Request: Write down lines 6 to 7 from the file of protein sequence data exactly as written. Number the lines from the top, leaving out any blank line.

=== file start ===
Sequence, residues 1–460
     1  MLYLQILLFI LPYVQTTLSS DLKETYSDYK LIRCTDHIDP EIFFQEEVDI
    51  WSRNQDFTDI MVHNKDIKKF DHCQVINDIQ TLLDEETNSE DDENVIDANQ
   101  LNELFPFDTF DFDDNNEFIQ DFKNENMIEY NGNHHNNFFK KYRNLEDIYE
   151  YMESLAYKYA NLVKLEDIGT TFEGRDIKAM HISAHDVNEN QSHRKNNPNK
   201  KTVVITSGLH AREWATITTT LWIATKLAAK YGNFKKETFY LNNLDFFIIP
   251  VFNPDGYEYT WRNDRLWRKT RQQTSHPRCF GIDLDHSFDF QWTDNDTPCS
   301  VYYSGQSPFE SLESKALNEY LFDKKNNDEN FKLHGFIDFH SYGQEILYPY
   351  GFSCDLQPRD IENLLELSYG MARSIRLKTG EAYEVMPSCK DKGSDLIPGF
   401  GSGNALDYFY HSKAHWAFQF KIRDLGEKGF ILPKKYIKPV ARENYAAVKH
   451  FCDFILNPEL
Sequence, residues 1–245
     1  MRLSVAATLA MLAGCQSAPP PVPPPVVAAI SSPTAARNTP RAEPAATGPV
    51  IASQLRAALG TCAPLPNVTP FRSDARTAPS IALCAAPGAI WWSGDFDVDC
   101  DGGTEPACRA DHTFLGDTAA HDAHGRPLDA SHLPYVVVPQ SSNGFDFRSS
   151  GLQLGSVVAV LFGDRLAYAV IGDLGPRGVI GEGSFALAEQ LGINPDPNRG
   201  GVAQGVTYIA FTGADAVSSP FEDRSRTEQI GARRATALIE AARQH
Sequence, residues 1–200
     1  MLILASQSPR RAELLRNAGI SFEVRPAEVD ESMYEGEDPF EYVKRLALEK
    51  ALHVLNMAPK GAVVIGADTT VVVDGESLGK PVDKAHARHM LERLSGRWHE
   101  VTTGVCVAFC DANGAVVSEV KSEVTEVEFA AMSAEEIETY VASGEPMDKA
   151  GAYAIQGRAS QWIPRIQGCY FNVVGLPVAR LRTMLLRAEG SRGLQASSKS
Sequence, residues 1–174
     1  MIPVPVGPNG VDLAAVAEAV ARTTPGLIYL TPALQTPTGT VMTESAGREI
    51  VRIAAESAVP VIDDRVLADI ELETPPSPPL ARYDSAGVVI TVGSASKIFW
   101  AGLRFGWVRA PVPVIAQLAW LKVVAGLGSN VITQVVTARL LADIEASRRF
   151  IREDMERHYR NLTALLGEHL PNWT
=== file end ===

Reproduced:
   201  KTVVITSGLH AREWATITTT LWIATKLAAK YGNFKKETFY LNNLDFFIIP
   251  VFNPDGYEYT WRNDRLWRKT RQQTSHPRCF GIDLDHSFDF QWTDNDTPCS